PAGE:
Mike Pence Drops Out of Non-Race
The fourth place candidate for second place in the Republican primaries has taken his ball and gone home to Mother.
AP (“Pence ends White House campaign after struggling to gain traction. ‘This is not my time,’ he says“):
Former Vice President Mike Pence on Saturday dropped his bid for the Republican presidential nomination, ending his campaign for the White House after struggling to raise money and gain traction in the polls.
“It’s become clear to me: This is not my time,” Pence said at the Republican Jewish Coalition’s annual gathering in Las Vegas. “So after much prayer and deliberation, I have decided to suspend my campaign for president effective today.”
“We always knew this would be an uphill battle, but I have no regrets,” Pence went on to tell the friendly audience, which reacted with audible surprise to the announcement and gave him multiple standing ovations.
Pence is the first major candidate to leave a race that has been dominated by his former boss-turned-rival, Donald Trump, and his struggles underscore just how much Trump has transformed the party. A former vice president would typically be seen as a formidable challenger in any primary, but Pence has struggled to find a base of support.
He chose the Las Vegas event to announce his decision, in part, so he could continue to voice his support for Israel and to make his case one last time as a candidate that the isolationist and populist tides that have swept the Republican Party pose a danger to its future and embolden the nation’s enemies, according to two people close to Pence who spoke on condition of anonymity to discuss his thinking.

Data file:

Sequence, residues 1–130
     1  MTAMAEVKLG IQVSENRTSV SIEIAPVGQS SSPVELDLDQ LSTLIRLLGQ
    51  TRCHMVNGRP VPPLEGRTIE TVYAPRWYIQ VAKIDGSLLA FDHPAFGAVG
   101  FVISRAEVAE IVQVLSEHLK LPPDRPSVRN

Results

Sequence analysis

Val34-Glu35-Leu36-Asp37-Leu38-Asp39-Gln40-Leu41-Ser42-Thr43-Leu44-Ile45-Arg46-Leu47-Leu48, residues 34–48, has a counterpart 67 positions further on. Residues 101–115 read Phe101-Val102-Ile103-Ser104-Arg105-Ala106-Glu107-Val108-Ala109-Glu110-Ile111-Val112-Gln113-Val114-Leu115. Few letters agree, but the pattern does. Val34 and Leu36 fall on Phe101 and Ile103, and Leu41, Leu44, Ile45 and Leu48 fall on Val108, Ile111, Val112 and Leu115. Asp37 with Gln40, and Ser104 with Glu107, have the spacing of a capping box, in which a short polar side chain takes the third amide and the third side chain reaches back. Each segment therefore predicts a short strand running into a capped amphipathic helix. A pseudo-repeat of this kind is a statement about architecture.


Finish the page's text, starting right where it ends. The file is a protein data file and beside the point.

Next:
Pence’s decision, more than two months before the Iowa caucuses that he had staked his campaign on, saves him from accumulating additional debt, as well as the embarrassment of potentially failing to qualify for the third Republican primary debate, on Nov. 8 in Miami.
But his withdrawal is a huge blow for a politician who spent years biding his time as Trump’s most loyal lieutenant, only to be scapegoated during their final days in office when Trump became convinced that Pence somehow had the power to overturn the results of the 2020 election and keep both men in office — which he did not.
While Pence averted a constitutional crisis by rejecting the scheme, he drew Trump’s fury, as well as the wrath of many of Trump’s supporters, who still believed his lies about the election and see Pence as a traitor.
Among Trump critics, meanwhile, Pence was seen as an enabler who defended the former president at every turn and refused to criticize even Trump’s most indefensible actions.
While the vice presidency has typically been thought of as a path to the top job—with the incumbent President the latest example—the last Republican VP to even get the nomination was George H.W. Bush in 1988. His veep, Dan Quayle, mounted a bid for the 2000 nomination but dropped out well ahead of the primaries. If Dick Cheney harbored any presidential ambitions of his own, he didn’t act on them.
Regardless the last two paragraphs in the excerpt above tell the story: he’s seen as a traitor by the Trumpers and a Trumper by the non-Trumpers. That would be an impossible situation even if Trump weren’t in the race.
But, of course, he is. And, as a result, it’s not actually a race at all. For the first time in the primary era, both major parties essentially have an incumbent President, making the campaign for the nomination pro forma. As a reminder, here’s the current RealClearPolitics polling aggregate:
Pretending that this is a race is silly.